Not All Students Want To Change the World

“But I don’t want a voice to the world…” he stands with a determined look on his face, expecting me to challenge his decision.  “They don’t need to see what I write or what I have to say,” he continues, “It’s none of their business…”  And with that, my students have once again challenged my assumptions and I need to change the way I teach.  Again.

So what else have my students proved me wrong in, well quite a bit, but here are the biggest.

Not all students want a voice.  From 4th to 7th grade I always have students that don’t want their private thoughts, work, or writing published to the world.   Never assume that every child wants their work published or shared, ask first, we would expect the same thing if it were us.

Not all students want to make.  I thought when I started doing more hands-on learning that all students would jump for joy, and while some certainly do, there are also students who go into absolute terrified mode when presented with anything abstract.  Those kids need to fit into our innovative classrooms as well, so offer choices in how they learn, don’t just assume they want to create something from nothing or do their own version.

Not all students want choice.  Some kids just want to be told what to do, not always, not on everything, but some kids need more structure or support through some things.  If we only cater to the creative child who relishes freedom then we are not teaching all of the students in front of us.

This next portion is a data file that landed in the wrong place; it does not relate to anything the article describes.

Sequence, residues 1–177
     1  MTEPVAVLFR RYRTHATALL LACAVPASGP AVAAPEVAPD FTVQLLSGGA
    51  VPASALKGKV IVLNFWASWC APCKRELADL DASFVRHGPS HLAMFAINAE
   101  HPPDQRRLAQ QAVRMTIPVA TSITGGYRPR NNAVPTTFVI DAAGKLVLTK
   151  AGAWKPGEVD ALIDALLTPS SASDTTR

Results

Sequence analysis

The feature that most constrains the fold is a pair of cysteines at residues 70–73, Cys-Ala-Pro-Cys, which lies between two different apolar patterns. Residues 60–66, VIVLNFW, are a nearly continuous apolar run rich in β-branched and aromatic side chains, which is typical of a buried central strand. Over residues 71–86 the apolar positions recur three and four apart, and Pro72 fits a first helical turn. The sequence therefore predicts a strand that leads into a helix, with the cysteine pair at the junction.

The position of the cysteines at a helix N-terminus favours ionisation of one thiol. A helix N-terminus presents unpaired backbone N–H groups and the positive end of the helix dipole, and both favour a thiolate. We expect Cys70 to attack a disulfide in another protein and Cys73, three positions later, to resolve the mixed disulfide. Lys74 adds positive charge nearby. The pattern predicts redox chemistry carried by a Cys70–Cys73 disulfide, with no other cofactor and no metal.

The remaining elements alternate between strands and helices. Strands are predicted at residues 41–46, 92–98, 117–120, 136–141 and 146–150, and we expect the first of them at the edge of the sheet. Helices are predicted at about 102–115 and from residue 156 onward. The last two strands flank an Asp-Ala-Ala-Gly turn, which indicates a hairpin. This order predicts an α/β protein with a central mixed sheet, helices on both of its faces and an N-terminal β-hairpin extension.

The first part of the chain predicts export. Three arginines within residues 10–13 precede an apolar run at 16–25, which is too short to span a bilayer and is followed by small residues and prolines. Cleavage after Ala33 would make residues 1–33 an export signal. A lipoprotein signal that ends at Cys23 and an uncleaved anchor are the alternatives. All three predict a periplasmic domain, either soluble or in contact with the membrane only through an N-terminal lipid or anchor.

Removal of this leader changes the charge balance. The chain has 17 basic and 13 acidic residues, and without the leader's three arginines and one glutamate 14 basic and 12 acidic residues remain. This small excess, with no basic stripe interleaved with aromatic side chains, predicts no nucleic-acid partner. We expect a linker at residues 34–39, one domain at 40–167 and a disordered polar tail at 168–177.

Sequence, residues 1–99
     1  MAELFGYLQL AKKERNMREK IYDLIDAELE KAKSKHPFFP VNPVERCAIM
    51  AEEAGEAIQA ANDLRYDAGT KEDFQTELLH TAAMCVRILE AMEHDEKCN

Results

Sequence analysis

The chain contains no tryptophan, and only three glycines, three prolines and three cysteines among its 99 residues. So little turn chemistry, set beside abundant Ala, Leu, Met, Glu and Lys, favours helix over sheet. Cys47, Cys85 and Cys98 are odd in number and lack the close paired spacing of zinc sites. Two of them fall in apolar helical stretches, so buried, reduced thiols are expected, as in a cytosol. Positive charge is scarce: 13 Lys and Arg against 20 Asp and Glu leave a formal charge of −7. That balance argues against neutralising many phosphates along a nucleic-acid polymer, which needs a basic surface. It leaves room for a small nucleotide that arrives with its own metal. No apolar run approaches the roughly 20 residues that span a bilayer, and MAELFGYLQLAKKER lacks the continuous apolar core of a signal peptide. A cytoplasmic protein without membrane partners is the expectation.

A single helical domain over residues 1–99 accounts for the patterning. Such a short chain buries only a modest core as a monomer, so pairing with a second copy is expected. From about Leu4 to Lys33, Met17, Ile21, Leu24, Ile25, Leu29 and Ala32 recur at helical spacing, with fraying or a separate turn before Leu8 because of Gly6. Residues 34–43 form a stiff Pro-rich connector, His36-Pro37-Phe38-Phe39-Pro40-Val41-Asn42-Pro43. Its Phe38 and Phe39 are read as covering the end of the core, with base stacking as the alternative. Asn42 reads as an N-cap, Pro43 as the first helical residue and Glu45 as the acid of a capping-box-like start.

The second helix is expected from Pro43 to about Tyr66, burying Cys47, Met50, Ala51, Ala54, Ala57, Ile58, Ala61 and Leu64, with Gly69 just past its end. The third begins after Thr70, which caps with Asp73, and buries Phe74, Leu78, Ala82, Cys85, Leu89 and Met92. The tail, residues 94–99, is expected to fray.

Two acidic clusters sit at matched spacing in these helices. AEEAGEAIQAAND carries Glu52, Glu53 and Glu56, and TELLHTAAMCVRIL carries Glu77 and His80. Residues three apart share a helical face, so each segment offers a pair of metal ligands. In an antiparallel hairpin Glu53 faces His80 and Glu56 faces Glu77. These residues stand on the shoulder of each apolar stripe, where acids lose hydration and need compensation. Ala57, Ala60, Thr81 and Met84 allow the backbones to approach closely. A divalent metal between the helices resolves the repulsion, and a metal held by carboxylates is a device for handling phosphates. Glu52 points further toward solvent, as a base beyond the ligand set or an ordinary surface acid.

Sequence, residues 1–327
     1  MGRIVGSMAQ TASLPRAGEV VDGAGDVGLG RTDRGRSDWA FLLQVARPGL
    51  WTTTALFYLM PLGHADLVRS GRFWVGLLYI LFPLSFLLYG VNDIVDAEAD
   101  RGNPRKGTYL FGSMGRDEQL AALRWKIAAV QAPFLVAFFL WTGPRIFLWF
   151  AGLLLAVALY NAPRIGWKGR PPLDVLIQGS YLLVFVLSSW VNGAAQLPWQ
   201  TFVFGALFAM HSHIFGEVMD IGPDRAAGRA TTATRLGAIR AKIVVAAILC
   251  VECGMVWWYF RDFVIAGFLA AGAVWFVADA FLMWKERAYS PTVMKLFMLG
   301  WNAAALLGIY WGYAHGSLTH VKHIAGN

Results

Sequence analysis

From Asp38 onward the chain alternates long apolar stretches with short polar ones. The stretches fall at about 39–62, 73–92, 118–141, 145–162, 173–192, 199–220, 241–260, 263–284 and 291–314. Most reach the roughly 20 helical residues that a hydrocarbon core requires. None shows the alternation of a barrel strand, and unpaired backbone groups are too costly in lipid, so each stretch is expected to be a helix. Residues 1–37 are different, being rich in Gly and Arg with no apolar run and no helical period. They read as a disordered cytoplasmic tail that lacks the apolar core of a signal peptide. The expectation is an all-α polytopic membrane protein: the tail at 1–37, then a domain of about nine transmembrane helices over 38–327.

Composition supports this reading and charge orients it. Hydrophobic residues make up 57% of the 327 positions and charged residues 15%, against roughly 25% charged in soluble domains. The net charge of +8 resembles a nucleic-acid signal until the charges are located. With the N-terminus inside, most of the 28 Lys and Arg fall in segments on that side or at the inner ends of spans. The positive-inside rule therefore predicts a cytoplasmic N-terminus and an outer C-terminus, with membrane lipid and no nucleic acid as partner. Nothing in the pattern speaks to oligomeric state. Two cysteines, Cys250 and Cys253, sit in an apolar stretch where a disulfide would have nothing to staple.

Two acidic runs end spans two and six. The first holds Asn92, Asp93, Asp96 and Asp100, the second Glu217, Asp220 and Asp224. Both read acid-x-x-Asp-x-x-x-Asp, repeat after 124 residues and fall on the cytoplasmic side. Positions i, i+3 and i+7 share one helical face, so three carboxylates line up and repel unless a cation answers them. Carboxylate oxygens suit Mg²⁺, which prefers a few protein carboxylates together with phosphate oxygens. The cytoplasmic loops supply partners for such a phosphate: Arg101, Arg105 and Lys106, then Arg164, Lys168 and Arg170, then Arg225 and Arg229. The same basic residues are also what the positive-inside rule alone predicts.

Not all students want to change the world.  While we may shout about empowered students and how they are going to change the world, not every child wants to change the world, they just want to be kids.

I have learned that while I may love to change the way education is done in classrooms around the world, I need to make sure I don’t disenfranchise students more by assuming they all want to learn like I do.  So make room for all of the learners in your world, support them all as they grow, and don’t judge.  Push them forward but be gentle in your approach and ask the students first.

I am a passionate teacher in Oregon, Wisconsin, USA but originally from Denmark,  who has taught 4th, 5th, and 7th grade.  Proud techy geek, and mass consumer of incredible books. Creator of the Global Read Aloud Project, Co-founder of EdCamp MadWI, and believer in all children. I have no awards or accolades except for the lightbulbs that go off in my students’ heads every day.  The second edition of my first book “Passionate Learners – Giving Our Classrooms Back to Our Students” will be published by Routledge in the fall.   Second book“Empowered Schools, Empowered Students – Creating Connected and Invested Learners” is out now from Corwin Press.  Join our Passionate Learners community on Facebook and follow me on Twitter @PernilleRipp.

7 thoughts on “Not All Students Want To Change the World

  1. Thank you for this very clear message. It’s so easy to get carried away with all
    The ways we can and want to “disrupt” school and all it’s trappings often without consulting our primary target group: our students. We need to serve them all and appreciate that not every new (or old) method to boost their interest, engagement or achievement will work with or for every kid. Saving this post and sharing widely.

  2. Pingback: So true! -> Not All Students Want To Change the… | EducatorAl's Tweets

  3. Pingback: Links I Loved Last Week: A Round-Up of Online Reading 3/1/15 | the dirigible plum

  4. some of my hardest work has been with the learners who “just want to know what the one answer is” – shifting from black/white to a full-spectrum of potential answers. Especially interesting when Anxiety is involved!

  5. Pingback: What If Not All Students Want Choice? | HonorsGradU

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